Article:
Source: Frontiers in Microbiology - Category: Microbiology Source Type: research
Fight Aging! provides a weekly digest of news and commentary for thousands of subscribers interested in the latest longevity science: progress towards the medical control of aging in order to prevent age-related frailty, suffering, and disease, as well as improvements in the present understanding of what works and what doesn't work when it comes to extending healthy life. Expect to see summaries of recent advances in medical research, news from the scientific community, advocacy and fundraising initiatives to help speed work on the repair and reversal of aging, links to online resources, and much more. This content is...
Source: Fight Aging! - Category: Research Authors: Tags: Newsletters Source Type: blogs
by Jessica Robinson-Papp, MD, MS; Mary Catherine George, MM, PhD; Alexandra Nmashie, MD; Donald Weisz, PhD; and David M. Simpson, MD Drs. Robinson-Papp, George, Nmashie and Simpson are with the Department of Neurology and Dr. Weisz is with the Department of Neurosurgery—all from the Icahn School of Medicine at Mount Sinai in New York, New York. Innov Clin Neurosci. 2017;15(1–2):28–32 FUNDING: This investigator-initiated project was supported by a grant from CSL Behring. The project was also supported by Grant Number #UL1TR000067 from the National Center for Advancing Translational Sciences (NCATS), a comp...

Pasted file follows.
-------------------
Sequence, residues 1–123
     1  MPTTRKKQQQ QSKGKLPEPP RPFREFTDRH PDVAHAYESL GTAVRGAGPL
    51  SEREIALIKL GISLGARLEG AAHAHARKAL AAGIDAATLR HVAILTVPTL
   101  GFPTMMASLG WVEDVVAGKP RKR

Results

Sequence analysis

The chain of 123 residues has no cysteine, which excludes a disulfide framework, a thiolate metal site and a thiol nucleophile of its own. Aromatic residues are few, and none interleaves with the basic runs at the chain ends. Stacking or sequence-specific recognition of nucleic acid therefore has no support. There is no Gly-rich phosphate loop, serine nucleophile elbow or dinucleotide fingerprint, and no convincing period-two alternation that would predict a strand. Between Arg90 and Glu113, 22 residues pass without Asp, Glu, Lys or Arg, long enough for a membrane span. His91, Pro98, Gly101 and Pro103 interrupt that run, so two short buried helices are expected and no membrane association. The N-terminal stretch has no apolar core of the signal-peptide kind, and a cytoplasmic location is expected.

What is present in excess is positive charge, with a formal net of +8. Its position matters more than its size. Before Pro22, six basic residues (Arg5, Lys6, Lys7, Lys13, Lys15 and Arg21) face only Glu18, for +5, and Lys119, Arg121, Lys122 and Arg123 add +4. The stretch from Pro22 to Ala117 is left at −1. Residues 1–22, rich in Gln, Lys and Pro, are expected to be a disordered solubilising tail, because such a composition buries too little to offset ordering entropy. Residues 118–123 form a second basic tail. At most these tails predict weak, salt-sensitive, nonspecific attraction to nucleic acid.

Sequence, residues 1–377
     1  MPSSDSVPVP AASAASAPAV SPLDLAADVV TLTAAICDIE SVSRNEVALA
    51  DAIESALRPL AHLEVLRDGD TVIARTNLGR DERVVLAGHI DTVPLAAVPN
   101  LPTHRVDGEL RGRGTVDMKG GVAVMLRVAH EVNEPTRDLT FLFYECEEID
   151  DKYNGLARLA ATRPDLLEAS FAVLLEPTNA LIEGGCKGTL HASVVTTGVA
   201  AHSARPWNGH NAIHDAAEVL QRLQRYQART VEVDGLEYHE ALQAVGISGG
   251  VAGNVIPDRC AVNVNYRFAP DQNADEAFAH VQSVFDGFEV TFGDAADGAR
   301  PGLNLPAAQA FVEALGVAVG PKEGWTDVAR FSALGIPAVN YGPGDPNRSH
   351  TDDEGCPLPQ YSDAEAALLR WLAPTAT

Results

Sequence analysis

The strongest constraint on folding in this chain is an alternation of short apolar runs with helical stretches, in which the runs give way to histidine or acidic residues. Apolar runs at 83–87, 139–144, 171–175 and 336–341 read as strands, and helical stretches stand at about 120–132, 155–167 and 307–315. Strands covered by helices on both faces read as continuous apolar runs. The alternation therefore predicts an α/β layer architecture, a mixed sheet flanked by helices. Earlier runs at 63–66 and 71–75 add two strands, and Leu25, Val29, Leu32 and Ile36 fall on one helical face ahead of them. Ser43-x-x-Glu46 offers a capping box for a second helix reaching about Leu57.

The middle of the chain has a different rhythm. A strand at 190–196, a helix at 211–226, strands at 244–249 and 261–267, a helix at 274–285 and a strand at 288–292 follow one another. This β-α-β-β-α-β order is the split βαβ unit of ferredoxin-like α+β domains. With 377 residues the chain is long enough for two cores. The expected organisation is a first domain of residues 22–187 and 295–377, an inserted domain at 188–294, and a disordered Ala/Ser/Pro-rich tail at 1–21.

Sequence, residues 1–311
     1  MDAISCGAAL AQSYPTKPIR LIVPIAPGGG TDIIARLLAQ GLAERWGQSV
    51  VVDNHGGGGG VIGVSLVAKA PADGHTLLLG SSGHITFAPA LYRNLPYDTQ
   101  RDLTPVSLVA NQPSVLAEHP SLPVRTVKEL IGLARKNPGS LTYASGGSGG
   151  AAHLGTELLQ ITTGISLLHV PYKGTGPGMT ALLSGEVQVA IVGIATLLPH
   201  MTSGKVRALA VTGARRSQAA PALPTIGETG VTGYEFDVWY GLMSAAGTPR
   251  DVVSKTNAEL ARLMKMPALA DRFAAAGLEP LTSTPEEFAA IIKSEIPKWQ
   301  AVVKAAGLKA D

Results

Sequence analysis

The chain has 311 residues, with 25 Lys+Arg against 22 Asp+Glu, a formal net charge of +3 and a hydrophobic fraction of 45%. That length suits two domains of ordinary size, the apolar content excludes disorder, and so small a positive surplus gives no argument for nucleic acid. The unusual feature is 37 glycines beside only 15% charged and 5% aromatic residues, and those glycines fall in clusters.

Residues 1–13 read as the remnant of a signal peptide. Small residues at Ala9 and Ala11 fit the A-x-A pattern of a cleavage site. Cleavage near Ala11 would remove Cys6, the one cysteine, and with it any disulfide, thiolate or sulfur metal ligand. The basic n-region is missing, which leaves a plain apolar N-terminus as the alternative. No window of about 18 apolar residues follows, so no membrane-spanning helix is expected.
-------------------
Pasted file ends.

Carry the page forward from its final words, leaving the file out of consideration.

Source: Innovations in Clinical Neuroscience - Category: Neuroscience Authors: Tags: Assessment Tools Current Issue Demyelinating Disease Movement Disorders Neurodegenerative Disease Neurology Original Research Primary Care Technology Trial Methodology Dynamometry human immunodeficiency virus (HIV) intravenous immu Source Type: research
Myomo, a medical robotics firm based in Cambridge, MA, has developed the MyoPro Motion-G, a powered rigid brace designed to support an arm that is weak or deformed by neurologic impairments such as stroke or brachial plexus injuries. The MyoPro can h...
Source: Medgadget - Category: Medical Equipment Authors: Tags: Exclusive Rehab Source Type: blogs
This week in San Diego, Singularity University is holding its Exponential Medicine Conference, a look at how technologists are redesigning and rebuilding today's broken healthcare system. Healthcare today is reactive, retrospective, bureaucratic and expensive. It's sick care, not healthcare. This blog is about why the $3 trillion healthcare system is broken and how we are going to fix it. First, the Bad News: Doctors spend $210 billion per year on procedures that aren’t based on patient need, but fear of liability. Americans spend, on average, $8,915 per person on healthcare – more than any other count...
Source: Healthy Living - The Huffington Post - Category: Consumer Health News Source Type: news